She told me that she and her three sisters had been sexually abused over a period of ten years in Colombia by their stepfather and their mother’s boyfriends. Some of her blocked memories were returning, with a vengeance, and her sisters were validating them.

This was devastating Cookie and she needed to be healed so that she could, once again, give her attention and love to her husband and four children. At the start of our first meeting she said, “I told God that I would be willing to see a counselor if He would guarantee my healing. To prove this, I asked God to grant three requests: 1) my counselor had to be about my age and from a Hispanic background, 2) she had to be willing to drive to my home because I don’t drive, and 3) she had to have a son named Joey because my youngest child is a boy named Joey.”

We both cried. We had an awesome sense of the supernatural. God had answered all three of Cookie’s requests.

Before I left her home that morning we held hands and prayed. God gave me another miracle at that moment, and the same astonishing sign has never happened since then.

God spoke to me and said, “In six weeks she will be completely healed.”

Each Wednesday morning for six weeks I arrived at Cookie’s home precisely at 10:00 a.m. and left at 11:30 in order to teach art classes at noon. For six weeks Cookie recounted soul-wrenching stories of terror and unmitigated selfish pursuit of sexual gratification by male relatives and other men.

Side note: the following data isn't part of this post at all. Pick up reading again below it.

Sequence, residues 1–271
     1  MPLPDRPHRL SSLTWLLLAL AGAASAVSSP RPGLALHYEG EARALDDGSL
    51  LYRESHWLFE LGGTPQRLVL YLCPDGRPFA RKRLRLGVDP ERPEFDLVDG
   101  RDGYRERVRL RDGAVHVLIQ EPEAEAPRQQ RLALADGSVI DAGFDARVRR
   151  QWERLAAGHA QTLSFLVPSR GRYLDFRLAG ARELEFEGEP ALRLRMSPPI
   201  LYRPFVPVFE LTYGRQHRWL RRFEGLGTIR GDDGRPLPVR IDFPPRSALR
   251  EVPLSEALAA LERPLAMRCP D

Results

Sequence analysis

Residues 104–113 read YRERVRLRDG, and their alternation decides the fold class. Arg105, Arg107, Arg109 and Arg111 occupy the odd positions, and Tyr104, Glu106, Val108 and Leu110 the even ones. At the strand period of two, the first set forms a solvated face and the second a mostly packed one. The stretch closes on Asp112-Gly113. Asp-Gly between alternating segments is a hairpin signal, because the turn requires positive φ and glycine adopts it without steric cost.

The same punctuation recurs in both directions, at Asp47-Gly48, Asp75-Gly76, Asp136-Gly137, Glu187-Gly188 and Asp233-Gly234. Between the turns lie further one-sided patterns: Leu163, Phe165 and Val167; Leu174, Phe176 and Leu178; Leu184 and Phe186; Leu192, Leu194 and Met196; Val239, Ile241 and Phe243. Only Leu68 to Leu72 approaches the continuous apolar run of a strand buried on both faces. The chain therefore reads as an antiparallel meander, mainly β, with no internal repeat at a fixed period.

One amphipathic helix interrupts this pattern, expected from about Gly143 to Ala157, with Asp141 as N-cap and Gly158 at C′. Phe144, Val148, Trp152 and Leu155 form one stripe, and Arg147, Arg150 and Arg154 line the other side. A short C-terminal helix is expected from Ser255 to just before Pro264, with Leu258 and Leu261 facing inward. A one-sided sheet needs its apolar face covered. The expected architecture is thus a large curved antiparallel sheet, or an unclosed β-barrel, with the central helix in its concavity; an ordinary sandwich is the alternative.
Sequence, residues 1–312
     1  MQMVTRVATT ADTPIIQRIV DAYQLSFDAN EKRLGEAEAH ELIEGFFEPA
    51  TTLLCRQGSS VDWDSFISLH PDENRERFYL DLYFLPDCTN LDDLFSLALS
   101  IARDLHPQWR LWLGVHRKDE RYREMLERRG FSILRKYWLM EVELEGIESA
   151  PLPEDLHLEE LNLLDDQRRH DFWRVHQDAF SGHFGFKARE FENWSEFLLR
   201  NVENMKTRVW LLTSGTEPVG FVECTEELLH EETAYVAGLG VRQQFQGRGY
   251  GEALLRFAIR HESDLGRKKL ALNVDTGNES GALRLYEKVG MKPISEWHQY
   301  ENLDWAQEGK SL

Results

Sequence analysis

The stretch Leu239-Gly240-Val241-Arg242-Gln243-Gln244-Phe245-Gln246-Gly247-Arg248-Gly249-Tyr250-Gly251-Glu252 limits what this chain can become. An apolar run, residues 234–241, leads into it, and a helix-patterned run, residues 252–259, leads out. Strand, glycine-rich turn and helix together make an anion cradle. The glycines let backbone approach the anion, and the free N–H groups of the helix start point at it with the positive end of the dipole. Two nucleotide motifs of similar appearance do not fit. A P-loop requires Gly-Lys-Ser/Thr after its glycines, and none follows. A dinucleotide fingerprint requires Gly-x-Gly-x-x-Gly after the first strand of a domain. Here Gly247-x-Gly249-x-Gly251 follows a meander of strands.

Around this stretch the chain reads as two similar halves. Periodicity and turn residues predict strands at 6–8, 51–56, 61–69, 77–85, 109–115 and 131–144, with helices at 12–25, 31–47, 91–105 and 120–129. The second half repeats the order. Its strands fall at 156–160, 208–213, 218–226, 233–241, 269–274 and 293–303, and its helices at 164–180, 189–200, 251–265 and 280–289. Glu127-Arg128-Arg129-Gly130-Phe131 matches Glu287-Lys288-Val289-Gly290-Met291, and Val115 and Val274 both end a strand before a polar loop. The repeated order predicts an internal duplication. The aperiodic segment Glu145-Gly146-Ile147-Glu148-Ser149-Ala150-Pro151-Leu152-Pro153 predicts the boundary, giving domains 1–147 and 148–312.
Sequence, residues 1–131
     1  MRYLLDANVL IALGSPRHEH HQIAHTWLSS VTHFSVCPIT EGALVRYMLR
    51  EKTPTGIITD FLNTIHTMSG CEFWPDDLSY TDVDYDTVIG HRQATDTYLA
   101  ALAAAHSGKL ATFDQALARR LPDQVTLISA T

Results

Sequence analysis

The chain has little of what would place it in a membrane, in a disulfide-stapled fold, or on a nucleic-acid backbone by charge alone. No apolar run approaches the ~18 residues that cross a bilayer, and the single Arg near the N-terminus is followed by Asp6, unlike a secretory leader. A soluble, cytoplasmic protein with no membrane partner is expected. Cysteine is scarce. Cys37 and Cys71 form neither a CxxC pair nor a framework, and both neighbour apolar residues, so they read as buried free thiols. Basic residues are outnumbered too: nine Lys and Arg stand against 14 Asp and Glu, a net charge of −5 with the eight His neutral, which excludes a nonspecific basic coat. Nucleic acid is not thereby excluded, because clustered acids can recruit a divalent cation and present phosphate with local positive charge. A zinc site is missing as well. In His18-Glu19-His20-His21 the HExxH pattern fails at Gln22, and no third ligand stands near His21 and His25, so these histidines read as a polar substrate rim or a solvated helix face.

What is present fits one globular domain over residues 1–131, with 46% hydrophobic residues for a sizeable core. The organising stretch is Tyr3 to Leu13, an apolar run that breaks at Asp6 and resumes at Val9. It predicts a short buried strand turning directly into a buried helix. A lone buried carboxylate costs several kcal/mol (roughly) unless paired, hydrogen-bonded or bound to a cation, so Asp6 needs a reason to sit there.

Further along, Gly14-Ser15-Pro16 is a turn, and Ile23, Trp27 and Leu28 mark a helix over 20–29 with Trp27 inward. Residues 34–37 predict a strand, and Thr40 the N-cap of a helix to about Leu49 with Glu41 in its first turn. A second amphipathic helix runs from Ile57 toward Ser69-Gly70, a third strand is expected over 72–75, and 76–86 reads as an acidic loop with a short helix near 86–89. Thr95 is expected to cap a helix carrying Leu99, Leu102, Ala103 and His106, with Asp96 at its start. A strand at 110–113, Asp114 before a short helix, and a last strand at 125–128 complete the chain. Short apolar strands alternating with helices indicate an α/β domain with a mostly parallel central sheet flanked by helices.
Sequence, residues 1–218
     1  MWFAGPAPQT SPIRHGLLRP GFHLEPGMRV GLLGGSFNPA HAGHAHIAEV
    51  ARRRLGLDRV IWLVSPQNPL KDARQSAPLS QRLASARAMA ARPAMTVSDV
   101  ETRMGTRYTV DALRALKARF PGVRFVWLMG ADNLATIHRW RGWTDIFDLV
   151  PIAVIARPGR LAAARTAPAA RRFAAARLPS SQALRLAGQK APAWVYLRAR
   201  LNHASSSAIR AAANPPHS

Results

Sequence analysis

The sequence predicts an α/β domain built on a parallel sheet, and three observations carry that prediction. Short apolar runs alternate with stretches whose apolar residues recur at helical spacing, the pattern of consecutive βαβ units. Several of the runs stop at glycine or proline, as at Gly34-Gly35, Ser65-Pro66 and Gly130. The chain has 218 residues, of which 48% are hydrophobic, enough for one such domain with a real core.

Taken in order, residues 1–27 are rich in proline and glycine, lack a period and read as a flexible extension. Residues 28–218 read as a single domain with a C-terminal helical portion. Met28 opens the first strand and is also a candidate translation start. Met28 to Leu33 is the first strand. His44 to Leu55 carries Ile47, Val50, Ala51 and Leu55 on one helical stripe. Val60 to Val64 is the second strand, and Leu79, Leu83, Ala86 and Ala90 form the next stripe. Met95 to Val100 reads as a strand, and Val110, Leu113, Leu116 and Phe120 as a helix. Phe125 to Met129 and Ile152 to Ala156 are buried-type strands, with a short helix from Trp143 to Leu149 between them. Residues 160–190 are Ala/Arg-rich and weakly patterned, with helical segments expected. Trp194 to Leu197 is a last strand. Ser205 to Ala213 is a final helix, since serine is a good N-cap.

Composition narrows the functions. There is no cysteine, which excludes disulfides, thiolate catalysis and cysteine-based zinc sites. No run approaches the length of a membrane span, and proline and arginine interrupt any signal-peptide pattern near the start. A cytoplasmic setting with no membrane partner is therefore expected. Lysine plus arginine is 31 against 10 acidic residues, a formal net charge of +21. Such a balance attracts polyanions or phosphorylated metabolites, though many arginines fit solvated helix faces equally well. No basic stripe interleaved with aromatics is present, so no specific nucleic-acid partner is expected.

The first three sessions were the most difficult I’ve ever experienced, and I cried often with her, something I don’t normally do in counseling sessions today. But, I sensed deep in my spirit that God was reconstructing a life, and I was immensely humbled to be a part of the miracle He was performing.

By the fourth session a transformation had begun to show. Cookie met me at the front door and her beautiful face was glowing. She was wearing makeup. We laughed and hugged as I told her how stunning she looked. She is uncommonly pretty, but that morning she was exquisite.

At the fifth session I told Cookie how I had heard God’s voice telling me that she would be completely healed in six weeks. She laughed; yes, she was genuinely laughing, and she said she knew our time together was nearing an end.

During the sixth session Cookie said that she knew it was going to take time to work through all the issues she had with her mother. Her desire was for complete reconciliation for herself, her sisters and their mother. She had a lot of memories, now, that she would have to work on, but she was committed to the task.

I drove away from Boynton Beach that morning in 1986 knowing that I had been privileged to participate in an incredible restoration. It was a phenomenon.

My relationship with Cookie was the beginning of my career as a counselor. I went to graduate school and completed a degree in psychology. Today, I am still humbled and awed by the countless healings that I am honored to witness and participate in. Although I don’t often cry with clients, I am still deeply touched by their human suffering.

Today, Cookie leads a wonderfully normal life. She has a great husband and four grown children who are married, and she is the grandmother of four. Her life has turned around. She is fulfilled and happy.

I am also grateful that I belong to a growing population of mental health professionals who have an indelible desire for the healing of broken lives.